0
$\begingroup$

I hope I have put a pretty good title for this question. I was watching Professor Walter Lewin’s lecture on classical mechanics (lecture 7, I think).

Let’s say a person is hanging from a string (by holding onto it) and the string is hanging from the ceiling. That person would feel a tension force $T$ which is equal to his weight, let’s say $mg$. These are the only two forces acting on the person and since he’s not accelerating, $T$ = $mg$ in this case. This tension force $T$ would give him the perception of his weight, that’s what Professor Lewin said. He said that the tension force $T$ by definition is the weight of the person.

Let’s say the person starts accelerating downwards with $a$ ($a$ $<$ $g$). In this case $T$ = $m(g-a)$ and since $m(g-a)$ $<$ $mg$, the person would feel less heavy, as if he has lost weight (that’s what he said). He further said that if that person started accelerating downwards with an acceleration equal to $g$, the tension force $T$ would be $zero$ in that case and he would feel completely weightless. I followed everything up until this point.

But what if the person accelerated at a rate greater than $g$? In order for that to happen, we will need another force pulling him downwards. Let’s say there’s a string tied to his legs pulling him downwards with a force $T_1$ such that he accelerates at a rate higher than $g$, let’s say he is accelerating at $(g+k)$ where k is some number. Writing the equation in this case (according to Newton’s 2nd law),

$T$ - $mg$ - $T_1$ = $-m(g+k)$

$=>$ $T$ = $T_1$ $-mk$

This is what I get. If my math is correct, my question is, what would this tension force $T$ feel like for the person? In the first case when the system was not accelerating, the person feels his weight because of $T$. When the system was accelerating at the rate $a$ $(<g)$, the person felt less heavy. When the system was in free fall, he felt weightless. Now when the system is accelerating at a rate greater than $g$, what would it feel like? Would he feel heavier? Or less heavy? I am sure he would not feel weightless. This is my question. Thanks

$\endgroup$
1
$\begingroup$

Now when the system is accelerating at a rate greater than 𝑔, what would it feel like? Would he feel heavier? Or less heavy? I am sure he would not feel weightless. This is my question. Thanks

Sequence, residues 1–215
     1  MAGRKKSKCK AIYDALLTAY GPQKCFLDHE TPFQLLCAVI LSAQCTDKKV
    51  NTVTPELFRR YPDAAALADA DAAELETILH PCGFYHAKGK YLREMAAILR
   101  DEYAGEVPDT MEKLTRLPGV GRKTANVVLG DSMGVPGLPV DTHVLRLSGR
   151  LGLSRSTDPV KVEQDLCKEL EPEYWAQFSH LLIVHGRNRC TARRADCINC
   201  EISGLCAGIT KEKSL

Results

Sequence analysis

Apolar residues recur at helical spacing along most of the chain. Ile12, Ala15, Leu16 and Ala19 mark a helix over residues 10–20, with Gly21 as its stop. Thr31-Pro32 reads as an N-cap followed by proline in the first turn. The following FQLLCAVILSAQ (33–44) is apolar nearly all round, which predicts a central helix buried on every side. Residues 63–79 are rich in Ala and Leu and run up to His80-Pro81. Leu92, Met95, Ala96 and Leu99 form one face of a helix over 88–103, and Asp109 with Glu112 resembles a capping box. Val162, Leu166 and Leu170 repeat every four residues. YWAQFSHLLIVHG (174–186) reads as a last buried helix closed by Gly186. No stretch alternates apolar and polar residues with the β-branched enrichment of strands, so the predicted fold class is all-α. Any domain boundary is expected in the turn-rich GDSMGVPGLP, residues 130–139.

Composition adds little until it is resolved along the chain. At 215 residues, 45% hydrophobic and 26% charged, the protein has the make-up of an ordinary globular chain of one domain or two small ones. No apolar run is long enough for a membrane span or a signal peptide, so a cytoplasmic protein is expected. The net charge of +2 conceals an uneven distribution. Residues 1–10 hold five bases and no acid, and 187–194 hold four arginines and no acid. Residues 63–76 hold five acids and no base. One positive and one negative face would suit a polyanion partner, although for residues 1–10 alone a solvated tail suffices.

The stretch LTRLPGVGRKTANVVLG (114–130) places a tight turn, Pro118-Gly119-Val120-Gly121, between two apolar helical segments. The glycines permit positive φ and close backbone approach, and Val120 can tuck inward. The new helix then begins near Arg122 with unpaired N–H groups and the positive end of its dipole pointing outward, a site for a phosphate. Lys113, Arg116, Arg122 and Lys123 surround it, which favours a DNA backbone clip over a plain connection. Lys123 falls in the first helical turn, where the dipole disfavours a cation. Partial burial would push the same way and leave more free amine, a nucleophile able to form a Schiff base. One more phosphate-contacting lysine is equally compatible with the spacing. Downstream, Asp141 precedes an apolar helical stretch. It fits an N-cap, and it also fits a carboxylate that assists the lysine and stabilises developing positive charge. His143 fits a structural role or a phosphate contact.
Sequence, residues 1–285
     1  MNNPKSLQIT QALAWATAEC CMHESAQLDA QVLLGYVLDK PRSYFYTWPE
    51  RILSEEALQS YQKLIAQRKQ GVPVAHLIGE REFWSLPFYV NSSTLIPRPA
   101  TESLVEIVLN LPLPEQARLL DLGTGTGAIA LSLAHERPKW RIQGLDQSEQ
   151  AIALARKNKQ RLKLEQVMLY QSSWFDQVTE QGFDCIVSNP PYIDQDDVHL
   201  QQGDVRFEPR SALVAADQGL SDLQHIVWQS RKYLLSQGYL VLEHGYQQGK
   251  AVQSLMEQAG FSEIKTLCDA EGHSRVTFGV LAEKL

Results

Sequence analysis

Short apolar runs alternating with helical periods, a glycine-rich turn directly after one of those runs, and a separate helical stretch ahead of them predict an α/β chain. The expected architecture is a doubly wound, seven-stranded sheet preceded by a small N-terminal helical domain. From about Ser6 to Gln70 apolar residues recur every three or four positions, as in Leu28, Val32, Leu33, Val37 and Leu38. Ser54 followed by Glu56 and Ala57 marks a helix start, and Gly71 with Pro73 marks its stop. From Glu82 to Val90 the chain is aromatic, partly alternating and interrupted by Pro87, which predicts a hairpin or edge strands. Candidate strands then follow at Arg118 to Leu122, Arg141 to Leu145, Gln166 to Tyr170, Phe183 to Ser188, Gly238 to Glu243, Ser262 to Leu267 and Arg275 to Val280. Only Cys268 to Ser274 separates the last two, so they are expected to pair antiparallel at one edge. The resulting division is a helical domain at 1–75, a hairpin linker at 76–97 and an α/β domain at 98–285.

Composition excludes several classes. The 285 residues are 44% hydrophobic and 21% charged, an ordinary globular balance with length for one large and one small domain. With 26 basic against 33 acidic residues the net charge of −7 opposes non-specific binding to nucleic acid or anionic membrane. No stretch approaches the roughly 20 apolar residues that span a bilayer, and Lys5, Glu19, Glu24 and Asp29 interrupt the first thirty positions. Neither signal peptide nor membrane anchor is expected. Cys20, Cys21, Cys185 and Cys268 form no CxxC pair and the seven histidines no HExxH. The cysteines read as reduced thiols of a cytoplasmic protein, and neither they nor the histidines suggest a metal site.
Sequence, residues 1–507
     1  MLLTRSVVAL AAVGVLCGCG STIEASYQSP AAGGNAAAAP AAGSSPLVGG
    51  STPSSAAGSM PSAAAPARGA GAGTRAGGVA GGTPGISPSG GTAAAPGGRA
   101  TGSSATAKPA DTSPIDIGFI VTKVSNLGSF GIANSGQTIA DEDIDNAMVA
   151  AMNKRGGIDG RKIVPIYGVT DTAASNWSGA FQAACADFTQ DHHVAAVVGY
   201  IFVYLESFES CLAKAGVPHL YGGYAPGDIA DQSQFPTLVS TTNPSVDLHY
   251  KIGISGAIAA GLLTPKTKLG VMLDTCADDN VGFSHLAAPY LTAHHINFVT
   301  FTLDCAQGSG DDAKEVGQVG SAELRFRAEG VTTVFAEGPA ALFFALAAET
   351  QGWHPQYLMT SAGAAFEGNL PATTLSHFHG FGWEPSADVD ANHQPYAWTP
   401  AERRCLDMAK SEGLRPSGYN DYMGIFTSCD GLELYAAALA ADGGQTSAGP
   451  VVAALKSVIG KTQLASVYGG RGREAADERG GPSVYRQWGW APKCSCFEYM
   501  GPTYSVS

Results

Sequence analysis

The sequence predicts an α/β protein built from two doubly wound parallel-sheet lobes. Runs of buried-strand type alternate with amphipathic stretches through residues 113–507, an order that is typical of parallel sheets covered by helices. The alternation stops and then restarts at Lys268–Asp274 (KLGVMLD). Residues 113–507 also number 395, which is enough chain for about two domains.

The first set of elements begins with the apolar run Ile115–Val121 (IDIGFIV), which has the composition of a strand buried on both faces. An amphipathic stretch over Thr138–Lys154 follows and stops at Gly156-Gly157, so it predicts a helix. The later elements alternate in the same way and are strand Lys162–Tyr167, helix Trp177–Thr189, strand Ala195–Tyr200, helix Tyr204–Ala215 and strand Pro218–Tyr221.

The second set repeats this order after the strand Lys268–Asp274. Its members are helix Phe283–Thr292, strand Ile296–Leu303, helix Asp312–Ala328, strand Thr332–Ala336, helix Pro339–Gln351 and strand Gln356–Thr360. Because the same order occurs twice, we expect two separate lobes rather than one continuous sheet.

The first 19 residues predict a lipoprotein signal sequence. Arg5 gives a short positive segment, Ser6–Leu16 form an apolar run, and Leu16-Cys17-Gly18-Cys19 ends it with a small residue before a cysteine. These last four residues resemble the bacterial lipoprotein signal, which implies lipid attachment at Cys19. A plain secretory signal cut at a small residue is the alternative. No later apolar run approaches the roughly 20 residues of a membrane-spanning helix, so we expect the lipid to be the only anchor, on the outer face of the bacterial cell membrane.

It seems to me that the answers to your questions all depend on how one defines the "feeling of weight".

There seems to be general agreement that feeling "weightless" is a feeling associated with the absence of any contact forces on the body, as in the case of free fall. It seems to me that whether or not the presence of any contact force, in any direction on the body, in and of itself is associated with the feeling of weight would depend on just what one means by the "feeling of weight".

The professors's first example of hanging from a string involves a contact force pulling upwards on the body. He said that would give a person a sensation of weight. But it's a different feeling then standing on the ground experiencing a contact force acting upwards on your feet, which I think is more commonly associated with the perception of weight.

Ride a roller coaster and you experience contact forces of various magnitudes and directions on various parts of your body by the structure that restrains you. Do we consider all these contact forces as equivalent to the sensation of weight? If we define the feeling of weight as the feeling associated with any contact force, which the professor seems to be saying with the first example, then I suppose the answer would be yes. As for me, I'm not so sure.

Hope this helps.

| cite | improve this answer | |
$\endgroup$